Schoolwide programs are designed to generate high levels of academic achievement for all students, especially those most in need of additional support. All staff, resources, and classes are part of the schoolwide program, and it serves all the children in a school.
Schoolwide programs have great latitude in organizing operations and allocating funds. They do not have to identify eligible students or track funds separately. Schoolwide schools can improve systems and practices and embrace high-quality curricula, creating and implementing a comprehensive plan to ensure all students meet the state's challenging academic standards.
A Wisconsin Title I school is eligible to implement a schoolwide program if the poverty level, (determined by free and reduced meal counts, Wisconsin Works (W-2), census, or Medicaid) is at or above 40%. Schools not meeting this requirement need a waiver from the DPI in order to implement a schoolwide program.
Core Requirements for Schoolwide Programs
- A comprehensive needs assessment that identifies the school’s strengths and challenges in key areas affecting student achievement
- A comprehensive plan for long-term improvement, created with stakeholders and designed to address identified needs
- Regular evaluation of the program and updating of the plan as necessary
- Appropriately licensed teachers and qualified paraprofessionals
Comprehensive Needs Assessment
In preparing to implement a schoolwide program, those involved need to understand the gap between where the school is now and where they want to be when their vision is realized. The first step toward a comprehensive needs assessment is a school profile, a data-driven description of the school’s student, staff, and community demographics, programs, and mission. The school profile serves as a starting point for discussion by the planning team and provides useful information for each of the focus areas of the needs assessment that follows.
Schools proposing to operate a schoolwide program are generally required to spend an entire year conducting the planning process. An exception may be made if the school district, in consultation with the school, determines that the school needs less time. The plan is based on the comprehensive needs assessment and describes the strategies the school will implement to address the needs of all children in the school, but particularly the needs of those at risk of not meeting Wisconsin's challenging academic standards. As appropriate and applicable, the plan should be developed in coordination and integration with other Federal, State, and local services, resources, and programs (Every Student Succeeds Act of 2015, 20 USC. § 6314).
The plan must be developed with the involvement of parents and other members of the community to be served, as well as individuals who will carry out the plan. This includes teachers, principals, paraprofessionals, administrators, the local educational agency, tribes and tribal organizations present in the community, and, if appropriate, specialized instructional support personnel, technical assistance providers, school staff, and students. The plan must be available to the public. The information must be in an understandable format, and to the extent practicable, the plan should be provided in a language that the parents can understand (Every Student Succeeds Act of 2015, 20 USC. § 6314).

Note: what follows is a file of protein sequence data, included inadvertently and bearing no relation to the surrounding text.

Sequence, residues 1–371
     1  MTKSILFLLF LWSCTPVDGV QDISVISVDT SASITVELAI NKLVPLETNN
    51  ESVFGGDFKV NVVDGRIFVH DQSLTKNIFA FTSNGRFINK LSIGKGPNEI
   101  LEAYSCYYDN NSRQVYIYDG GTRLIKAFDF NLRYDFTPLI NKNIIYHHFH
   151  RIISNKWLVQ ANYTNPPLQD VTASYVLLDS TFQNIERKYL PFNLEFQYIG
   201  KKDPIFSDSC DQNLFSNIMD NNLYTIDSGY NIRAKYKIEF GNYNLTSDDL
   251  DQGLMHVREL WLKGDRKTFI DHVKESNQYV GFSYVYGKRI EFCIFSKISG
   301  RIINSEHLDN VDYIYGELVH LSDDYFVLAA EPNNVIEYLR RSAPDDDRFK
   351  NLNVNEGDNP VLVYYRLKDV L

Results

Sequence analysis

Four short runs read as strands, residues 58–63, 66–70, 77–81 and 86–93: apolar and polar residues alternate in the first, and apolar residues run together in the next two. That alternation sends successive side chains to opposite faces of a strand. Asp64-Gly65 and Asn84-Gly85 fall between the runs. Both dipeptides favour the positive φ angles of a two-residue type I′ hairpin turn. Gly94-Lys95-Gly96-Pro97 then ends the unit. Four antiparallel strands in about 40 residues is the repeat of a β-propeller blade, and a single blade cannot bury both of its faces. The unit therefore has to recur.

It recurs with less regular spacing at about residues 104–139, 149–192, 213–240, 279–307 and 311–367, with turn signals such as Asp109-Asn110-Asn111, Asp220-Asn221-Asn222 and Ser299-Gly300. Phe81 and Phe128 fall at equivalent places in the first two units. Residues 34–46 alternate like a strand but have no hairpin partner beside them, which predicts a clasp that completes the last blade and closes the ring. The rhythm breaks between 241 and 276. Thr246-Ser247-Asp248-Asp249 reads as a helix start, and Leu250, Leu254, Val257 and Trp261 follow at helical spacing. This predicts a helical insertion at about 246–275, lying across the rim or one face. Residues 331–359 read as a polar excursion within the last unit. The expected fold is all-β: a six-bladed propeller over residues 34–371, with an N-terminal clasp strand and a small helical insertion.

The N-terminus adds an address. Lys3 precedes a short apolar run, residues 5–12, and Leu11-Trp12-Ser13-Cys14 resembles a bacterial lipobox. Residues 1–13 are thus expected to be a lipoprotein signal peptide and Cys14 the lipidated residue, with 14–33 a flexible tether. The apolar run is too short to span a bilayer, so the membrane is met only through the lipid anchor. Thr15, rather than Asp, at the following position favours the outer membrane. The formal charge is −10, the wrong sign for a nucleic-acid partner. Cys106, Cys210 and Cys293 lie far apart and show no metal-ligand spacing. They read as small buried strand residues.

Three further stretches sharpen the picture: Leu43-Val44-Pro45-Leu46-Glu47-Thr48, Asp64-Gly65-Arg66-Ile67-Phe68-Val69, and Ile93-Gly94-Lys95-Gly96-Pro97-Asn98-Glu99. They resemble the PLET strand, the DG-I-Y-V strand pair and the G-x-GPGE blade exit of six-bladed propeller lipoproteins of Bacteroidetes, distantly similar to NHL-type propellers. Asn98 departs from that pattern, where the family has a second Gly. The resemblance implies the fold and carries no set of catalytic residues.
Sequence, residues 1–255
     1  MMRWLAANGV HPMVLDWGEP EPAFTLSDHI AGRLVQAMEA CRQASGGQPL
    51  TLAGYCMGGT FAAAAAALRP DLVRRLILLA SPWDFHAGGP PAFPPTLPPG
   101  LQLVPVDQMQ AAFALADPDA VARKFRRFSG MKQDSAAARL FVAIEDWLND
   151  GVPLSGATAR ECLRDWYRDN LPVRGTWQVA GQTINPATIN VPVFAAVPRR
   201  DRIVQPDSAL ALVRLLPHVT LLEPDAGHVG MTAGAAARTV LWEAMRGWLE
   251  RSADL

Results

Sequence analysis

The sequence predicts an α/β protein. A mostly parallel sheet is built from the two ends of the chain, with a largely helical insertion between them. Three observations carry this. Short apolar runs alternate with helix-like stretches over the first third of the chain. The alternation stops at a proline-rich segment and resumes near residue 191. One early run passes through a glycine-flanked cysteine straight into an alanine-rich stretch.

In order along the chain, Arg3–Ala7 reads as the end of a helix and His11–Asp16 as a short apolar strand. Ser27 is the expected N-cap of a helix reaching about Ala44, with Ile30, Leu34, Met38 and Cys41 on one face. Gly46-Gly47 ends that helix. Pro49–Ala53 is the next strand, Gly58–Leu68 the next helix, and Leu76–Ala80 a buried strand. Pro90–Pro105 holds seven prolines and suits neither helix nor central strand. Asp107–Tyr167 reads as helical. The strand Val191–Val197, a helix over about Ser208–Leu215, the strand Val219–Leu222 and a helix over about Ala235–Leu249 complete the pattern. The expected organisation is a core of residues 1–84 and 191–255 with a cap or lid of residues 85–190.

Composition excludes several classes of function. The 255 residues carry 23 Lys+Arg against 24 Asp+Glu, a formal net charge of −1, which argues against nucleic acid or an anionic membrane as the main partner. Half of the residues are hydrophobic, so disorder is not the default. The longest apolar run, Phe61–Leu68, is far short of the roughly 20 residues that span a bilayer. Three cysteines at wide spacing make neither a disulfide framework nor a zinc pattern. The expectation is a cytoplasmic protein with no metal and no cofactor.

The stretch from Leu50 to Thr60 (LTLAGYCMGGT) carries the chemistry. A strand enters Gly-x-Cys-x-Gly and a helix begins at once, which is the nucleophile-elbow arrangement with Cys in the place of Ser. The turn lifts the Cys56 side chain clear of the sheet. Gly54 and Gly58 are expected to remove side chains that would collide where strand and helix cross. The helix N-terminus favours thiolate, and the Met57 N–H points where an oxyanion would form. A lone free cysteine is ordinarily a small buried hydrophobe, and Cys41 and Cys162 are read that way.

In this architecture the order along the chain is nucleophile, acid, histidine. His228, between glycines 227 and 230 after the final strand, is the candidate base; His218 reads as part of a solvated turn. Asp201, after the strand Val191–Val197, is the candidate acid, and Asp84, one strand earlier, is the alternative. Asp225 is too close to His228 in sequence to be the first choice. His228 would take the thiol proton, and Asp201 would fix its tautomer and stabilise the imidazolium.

All new schoolwide schools are required to submit the Schoolwide Programs Assurances and Narrative form, providing information on the planning process that took place in preparation for this new service delivery model. This form is merely the application to operate a Title I schoolwide program and is not the same as the schoolwide plan.
A schoolwide school must regularly evaluate the impact of the program on student achievement and update the plan as necessary (Every Student Succeeds Act of 2015, 20 USC. § 6314). This involves examining outcomes and implementation data to determine whether the academic achievement of all students—particularly of low-achieving students—has improved, whether the goals and objectives were achieved, and if the plan is still appropriate as written.
All staff in a schoolwide school, including teachers and paraprofessionals, must be appropriately qualified (Every Student Succeeds Act of 2015, 20 USC. § 630). More information is available on the Teacher and Paraprofessional Qualifications page.
Using Title I Funds to Support an Equitable Multi-Level System of Supports
Title I funds combined with other resources may be used to fund any aspect of an equitable MLSS in a schoolwide school. All activities to be funded by Title I must be reflected both in the school's comprehensive needs assessment and schoolwide plan, and they must be evaluated annually for their effectiveness in increasing student achievement.
Districts may set aside a portion of their Individuals with Disabilities Education Act (IDEA) Part B funds to be used within Title I schools to support any part of their schoolwide plan (Individuals with Disabilities Education Act of 2004, 20 U.S.C. § 1400). For more information on this option, see IDEA - Title I Schoolwide Set-Aside. The U.S. Department of Education offers an informative power point on this topic: Implementing RTI Using Title I, Title III, and CEIS Funds.
The district must take appropriate measures to ensure that a schoolwide program does not supplant state and local funds with federal Title I funding.
- Title I Schoolwide Application Form
- US Department of Education. 2006. "Designing Schoolwide Programs: Non-Regulatory Guidance." (formally rescinded)
- US Department of Education. 2016. "Supporting School Reform by Leveraging Federal Funds in a Schoolwide Program." (non-regulatory guidance)
- US Department of Education. 2009. "Implementing RTI Using Title I, Title III, and CEIS Funds." www2.ed.gov/programs/titleiparta/rti.html
- WI RtI Center
- PBIS Network